Financial crisis served up with relish [Financial Times]

By John Plender. After two and a half years of relentless financial pounding, the crisis literature is becoming mountainous. To command the weary reviewer’s attention, any new book on the aberrations of the financial community has to have a clear focus and make a compelling case. In Too Big To Save? Robert Pozen, chairman of mutual fund group MFS Investment Management and a former vice-chairman of Fidelity Investments, pulls off the trick. 

Business Books: A policy wonk looks back, and forward [Reuters]

By Ross Kerber.
University economists are already teaching courses on the history of the financial crisis of 2008 and the policy responses that followed. Robert Pozen’s new book could become required reading.

“Too Big to Save? How to Fix the U.S. Financial System” (Wiley, $29.95), provides both a detailed look at the run-up to the financial system’s brush with disaster and many prescriptions in response.

An Action Plan for Economic Recovery [HBS Alumni Bulletin]

Most books about the nation’s financial crisis tell us what happened. In his new book, HBS senior lecturer Robert Pozen tells us how to fix the system. A financial industry veteran and chairman of MFS Investment Management, a Boston firm that oversees more than $170 billion in pension and mutual funds, Pozen writes with authority and unusual clarity about complex issues in Too Big to Save? How to Fix the U.S. Financial System (Wiley).

Anatomy Of A Crisis [Forbes]

Written by Elizabeth Leonard.

Comprehensive in scope, Too Big to Save looks at each of the factors that played a role in the crisis: the housing boom, subprime loans and the impact of mortgage-backed securities; Fannie Mae and Freddie Mac; credit default swaps, AIG and collateralized debt obligations; hedge funds and short selling; and capital requirements. But this is not an alphabet soup. These topics are precisely defined and clearly presented in a highly readable and well-paced narrative. Moreover, as Pozen explains the forces that were at work to disable the U.S., and then global, economy, he presents a series of constructive approaches to righting the financial system.

Buce: The Best Finance Book I’ve Read So Far This Year [aka, Cliff Notes for Finance Professors]

From Brad DeLong’s Egregious Moderation:

The best finance book I’ve read so far this year (and I’ve read a slew of them) is Robert C. Pozen’s Too Big to Save? …

In short, what we have here is the book that every business/finance professor wants needs. Not to assign to his students: nothing to vulgar as that. What you do with Pozen is stuff it in your top drawer and sneak a peek whenever you want to look brilliant. I can’t think of anybody who has covered such a range of issues so efficiently or so well.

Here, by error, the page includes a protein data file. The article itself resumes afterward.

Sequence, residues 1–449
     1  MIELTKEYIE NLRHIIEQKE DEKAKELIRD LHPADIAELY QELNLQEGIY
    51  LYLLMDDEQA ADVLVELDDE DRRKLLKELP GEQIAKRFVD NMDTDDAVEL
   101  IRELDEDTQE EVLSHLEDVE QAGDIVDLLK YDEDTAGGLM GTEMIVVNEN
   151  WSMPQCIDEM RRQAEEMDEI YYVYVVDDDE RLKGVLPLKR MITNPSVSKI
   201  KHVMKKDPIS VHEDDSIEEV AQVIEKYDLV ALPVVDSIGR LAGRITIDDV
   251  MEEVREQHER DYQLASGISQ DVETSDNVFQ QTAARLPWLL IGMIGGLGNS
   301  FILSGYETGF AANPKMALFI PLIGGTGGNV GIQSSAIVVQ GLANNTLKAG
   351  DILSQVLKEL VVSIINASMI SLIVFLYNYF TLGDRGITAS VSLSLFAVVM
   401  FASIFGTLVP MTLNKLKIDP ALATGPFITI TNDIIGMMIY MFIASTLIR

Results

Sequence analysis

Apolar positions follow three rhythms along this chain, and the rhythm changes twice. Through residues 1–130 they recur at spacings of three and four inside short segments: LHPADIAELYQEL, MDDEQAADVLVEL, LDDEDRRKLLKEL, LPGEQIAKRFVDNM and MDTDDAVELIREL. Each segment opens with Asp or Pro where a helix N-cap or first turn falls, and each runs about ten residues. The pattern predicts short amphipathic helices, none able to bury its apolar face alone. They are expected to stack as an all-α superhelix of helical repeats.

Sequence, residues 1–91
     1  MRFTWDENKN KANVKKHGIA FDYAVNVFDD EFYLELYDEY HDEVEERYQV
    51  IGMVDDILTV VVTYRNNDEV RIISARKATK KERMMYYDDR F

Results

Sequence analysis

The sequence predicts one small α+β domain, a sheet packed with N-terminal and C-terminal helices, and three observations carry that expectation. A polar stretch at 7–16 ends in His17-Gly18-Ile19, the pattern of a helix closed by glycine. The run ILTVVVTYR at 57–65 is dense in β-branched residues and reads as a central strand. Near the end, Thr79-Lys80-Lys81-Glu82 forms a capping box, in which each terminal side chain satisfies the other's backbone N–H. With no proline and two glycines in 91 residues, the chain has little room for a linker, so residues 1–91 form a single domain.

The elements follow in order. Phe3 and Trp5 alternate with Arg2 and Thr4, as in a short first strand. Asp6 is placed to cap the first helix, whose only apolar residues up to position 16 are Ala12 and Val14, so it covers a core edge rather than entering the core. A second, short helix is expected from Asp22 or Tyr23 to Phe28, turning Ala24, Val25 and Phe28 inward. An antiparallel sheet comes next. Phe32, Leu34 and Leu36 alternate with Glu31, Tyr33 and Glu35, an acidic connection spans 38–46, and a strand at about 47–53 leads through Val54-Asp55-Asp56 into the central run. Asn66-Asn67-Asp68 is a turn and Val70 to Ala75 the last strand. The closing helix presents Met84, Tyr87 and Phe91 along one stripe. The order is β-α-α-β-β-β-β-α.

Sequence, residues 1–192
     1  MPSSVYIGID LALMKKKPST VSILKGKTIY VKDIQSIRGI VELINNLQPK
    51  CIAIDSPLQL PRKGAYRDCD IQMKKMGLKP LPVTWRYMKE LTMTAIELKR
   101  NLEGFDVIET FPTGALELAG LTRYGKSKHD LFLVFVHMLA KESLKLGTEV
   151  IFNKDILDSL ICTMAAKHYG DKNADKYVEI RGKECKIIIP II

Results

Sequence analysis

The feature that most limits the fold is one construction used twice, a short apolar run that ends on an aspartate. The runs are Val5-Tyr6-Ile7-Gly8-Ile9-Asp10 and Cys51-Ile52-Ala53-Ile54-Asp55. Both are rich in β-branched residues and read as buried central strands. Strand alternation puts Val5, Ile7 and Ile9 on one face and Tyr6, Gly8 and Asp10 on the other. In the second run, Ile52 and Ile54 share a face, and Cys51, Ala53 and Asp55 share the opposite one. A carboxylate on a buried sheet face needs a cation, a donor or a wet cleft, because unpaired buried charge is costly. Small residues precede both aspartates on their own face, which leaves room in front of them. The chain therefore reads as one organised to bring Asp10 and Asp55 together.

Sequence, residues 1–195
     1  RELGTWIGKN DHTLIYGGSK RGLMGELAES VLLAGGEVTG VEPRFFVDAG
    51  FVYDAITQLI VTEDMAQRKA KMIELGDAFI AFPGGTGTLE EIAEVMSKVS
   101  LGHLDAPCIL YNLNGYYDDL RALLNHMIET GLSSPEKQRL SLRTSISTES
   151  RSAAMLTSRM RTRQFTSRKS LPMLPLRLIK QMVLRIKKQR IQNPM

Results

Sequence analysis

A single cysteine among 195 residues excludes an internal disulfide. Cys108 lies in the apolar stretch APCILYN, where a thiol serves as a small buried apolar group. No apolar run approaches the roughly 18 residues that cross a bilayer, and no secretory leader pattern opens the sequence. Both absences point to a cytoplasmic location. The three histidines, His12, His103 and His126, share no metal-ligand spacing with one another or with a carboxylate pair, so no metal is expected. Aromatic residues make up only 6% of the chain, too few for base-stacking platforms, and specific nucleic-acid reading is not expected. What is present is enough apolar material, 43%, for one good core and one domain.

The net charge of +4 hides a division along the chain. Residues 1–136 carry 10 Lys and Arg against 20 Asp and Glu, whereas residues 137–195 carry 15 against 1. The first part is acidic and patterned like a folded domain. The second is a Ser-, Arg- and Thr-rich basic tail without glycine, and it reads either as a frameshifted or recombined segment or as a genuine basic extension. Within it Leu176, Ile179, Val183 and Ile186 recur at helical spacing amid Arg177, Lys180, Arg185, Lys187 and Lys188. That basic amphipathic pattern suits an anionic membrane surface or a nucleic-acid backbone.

6 Smart Books: An Economic Roadmap [SmartMoney]

Reviewed by Robert J. Hughes

To everyday consumers, “too big to fail” has become a dubious mantras. Where is the fairness in a government bailout of large banks and corporations that leaves regular people wondering when things are going to turn around for them.

Here, author Pozen, chairman of MFS Investment Management, a lecturer at Harvard Business School and a contributor to The Wall Street Journal, provides an analysis of the financial arrangements the government has used to bolster the economy, with proposals for shaping the economic landscape, all of which may help investors better understand the shifting marketplace. (SmartMoney is a joint venture between Dow Jones and Hearst. The Wall Street Journal is a unit of Dow Jones.)

In four parts and 14 chapters, Pozen details complex economic issues in clear prose: the U.S. housing slump and its affect on the global financial crisis; the slump’s impact on stock and bond markets; last year’s bailout of financial institutions, and the future of the American financial system.

This is a book for investors who want to understand the details of our financial landscape, and who also want to consider arguments on restricting mortgage-lending practices, whether financial derivatives and hedge funds should be regulated or the revival of loan securitization, among others. Pozen also includes a helpful glossary of terms that should help even seasoned investors.

How to fix the US financial system [Felix Salmon, Reuters Blogs]

by Felix Salmon

“I had a very interesting conversation with Bob Pozen yesterday evening; his new book is out now, and I highly recommend it. It’s the first crisis book to make a detailed series of specific recommendations about what needs to be done going forwards — or, in the words of the book’s subtitle, ‘how to fix the US financial system’.”